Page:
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Some of the nation's biggest planned infrastructure projects should be re-appraised as analysts warn billions of dollars are being sunk into works that may not still be warranted in the wake of the COVID-19 recession.
Infrastructure experts say a sharp slowdown in population growth coupled with workplace changes started during coronavirus lockdowns may make some projects more worthy of consideration while making others less vital.
Analysts have called for major infrastructure projects to be re-appraised, saying the coronavirus' impact may have made some more viable and others less so.CREDIT: KATE GERAGHTY
Treasurer Josh Frydenberg will use the October 6 delayed federal budget to unveil a suite of new infrastructure projects while the Reserve Bank has urged states and territories to spend up to $40 billion on their own public works.
But analysts say there has to be scrutiny of those projects to make sure they will provide long-term productivity improvements and are necessary.
The Grattan Institute's transport and cities program director, Marion Terrill, said two changes out of the coronavirus recession could affect the usage of planned infrastructure projects for years if not decades.
She said the sharp fall in expected population growth directly affected the business cases for many major projects that were predicated on many more residents in cities such as Sydney and Melbourne.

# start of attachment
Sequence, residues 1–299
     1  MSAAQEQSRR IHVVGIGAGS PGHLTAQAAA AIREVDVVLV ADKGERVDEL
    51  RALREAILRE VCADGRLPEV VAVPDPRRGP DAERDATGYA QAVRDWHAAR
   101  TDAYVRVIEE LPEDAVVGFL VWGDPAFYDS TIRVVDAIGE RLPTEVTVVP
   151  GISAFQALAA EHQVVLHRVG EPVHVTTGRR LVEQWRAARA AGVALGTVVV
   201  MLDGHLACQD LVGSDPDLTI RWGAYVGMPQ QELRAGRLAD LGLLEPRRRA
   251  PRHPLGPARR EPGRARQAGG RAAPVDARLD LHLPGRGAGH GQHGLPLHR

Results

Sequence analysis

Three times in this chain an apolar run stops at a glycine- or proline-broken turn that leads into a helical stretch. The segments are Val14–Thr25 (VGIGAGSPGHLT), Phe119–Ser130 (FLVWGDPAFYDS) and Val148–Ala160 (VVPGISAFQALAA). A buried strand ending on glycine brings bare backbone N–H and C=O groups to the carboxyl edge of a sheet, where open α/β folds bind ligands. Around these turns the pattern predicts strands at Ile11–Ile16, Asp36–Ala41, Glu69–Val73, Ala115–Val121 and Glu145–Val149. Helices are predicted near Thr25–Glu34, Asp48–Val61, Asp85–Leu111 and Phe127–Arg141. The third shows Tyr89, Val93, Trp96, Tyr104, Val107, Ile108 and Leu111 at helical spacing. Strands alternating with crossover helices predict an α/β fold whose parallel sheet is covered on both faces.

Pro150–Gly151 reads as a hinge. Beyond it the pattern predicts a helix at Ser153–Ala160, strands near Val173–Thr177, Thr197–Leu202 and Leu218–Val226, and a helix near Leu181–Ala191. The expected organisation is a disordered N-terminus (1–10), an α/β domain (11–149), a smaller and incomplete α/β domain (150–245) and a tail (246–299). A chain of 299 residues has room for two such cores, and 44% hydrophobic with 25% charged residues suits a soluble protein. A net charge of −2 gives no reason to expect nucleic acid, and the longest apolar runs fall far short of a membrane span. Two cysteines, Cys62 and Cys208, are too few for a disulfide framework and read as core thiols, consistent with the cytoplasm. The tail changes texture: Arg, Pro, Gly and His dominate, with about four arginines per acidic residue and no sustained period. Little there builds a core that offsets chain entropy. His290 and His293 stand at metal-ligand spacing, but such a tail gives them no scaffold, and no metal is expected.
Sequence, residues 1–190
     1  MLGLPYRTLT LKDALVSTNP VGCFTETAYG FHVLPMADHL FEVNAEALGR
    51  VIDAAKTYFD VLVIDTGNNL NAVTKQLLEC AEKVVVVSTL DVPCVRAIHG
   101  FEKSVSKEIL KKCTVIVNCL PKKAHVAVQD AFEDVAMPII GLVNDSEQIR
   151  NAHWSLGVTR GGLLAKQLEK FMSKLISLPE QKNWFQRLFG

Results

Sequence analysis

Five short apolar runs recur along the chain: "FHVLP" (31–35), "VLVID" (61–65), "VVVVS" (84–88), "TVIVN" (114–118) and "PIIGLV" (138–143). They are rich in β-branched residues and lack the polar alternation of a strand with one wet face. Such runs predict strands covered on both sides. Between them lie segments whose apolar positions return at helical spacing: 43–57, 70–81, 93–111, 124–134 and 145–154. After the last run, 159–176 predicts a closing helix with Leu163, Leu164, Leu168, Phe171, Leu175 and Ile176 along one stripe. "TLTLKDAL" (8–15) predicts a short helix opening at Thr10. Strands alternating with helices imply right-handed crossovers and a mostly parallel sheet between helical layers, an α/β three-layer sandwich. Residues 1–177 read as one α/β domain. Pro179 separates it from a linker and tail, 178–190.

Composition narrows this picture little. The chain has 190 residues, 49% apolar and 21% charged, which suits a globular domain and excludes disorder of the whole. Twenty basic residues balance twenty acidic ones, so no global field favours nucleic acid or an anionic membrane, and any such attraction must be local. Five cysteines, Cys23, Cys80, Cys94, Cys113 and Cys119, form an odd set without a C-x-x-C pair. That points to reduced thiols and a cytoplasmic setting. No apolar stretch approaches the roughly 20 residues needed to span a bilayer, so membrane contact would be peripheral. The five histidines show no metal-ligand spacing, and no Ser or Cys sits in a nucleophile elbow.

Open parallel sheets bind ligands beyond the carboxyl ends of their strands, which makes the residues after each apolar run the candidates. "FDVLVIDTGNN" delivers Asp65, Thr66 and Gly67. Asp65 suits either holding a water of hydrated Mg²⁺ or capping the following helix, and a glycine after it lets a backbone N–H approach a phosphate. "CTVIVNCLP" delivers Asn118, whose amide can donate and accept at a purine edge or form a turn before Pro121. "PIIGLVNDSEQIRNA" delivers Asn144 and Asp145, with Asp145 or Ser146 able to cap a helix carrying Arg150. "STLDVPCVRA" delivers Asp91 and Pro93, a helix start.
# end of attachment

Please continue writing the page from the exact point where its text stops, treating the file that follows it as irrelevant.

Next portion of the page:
We know that these big road projects for instance were based upon big increases in population, but that's not going to happen," she said. "All of these big projects should be halted, with their business cases reviewed to make sure they stack up."
In its July economic and fiscal update, the federal government revealed it expected annual population growth to fall to 0.6 per cent this financial year. It would be the slowest growth rate since 1916-17 when many Australians were involved in World War I in Europe and the Middle East.
The forecast drop is due to a fall in the fertility rate and a collapse in net overseas migration which is expected to fall from 232,000 in 2018-19 to just 31,000 in 2020-21.
Australia's population growth is forecast to slow to its lowest rate since 1916-17, due to both falling migration and a drop in the fertility rate.CREDIT:
Even before the coronavirus recession, population growth was slowing. In the 12 months to December last year, the nation's population grew by almost 350,000. In the 12 months to December 2018, the population increased by almost 405,000.
Ms Terrill said another major issue was the large increase in people working from home.
Where about 5 per cent of Sydney and Melbourne residents worked from home before the virus, this had climbed to around 40 per cent.
This article first appeared on www.theage.com.au
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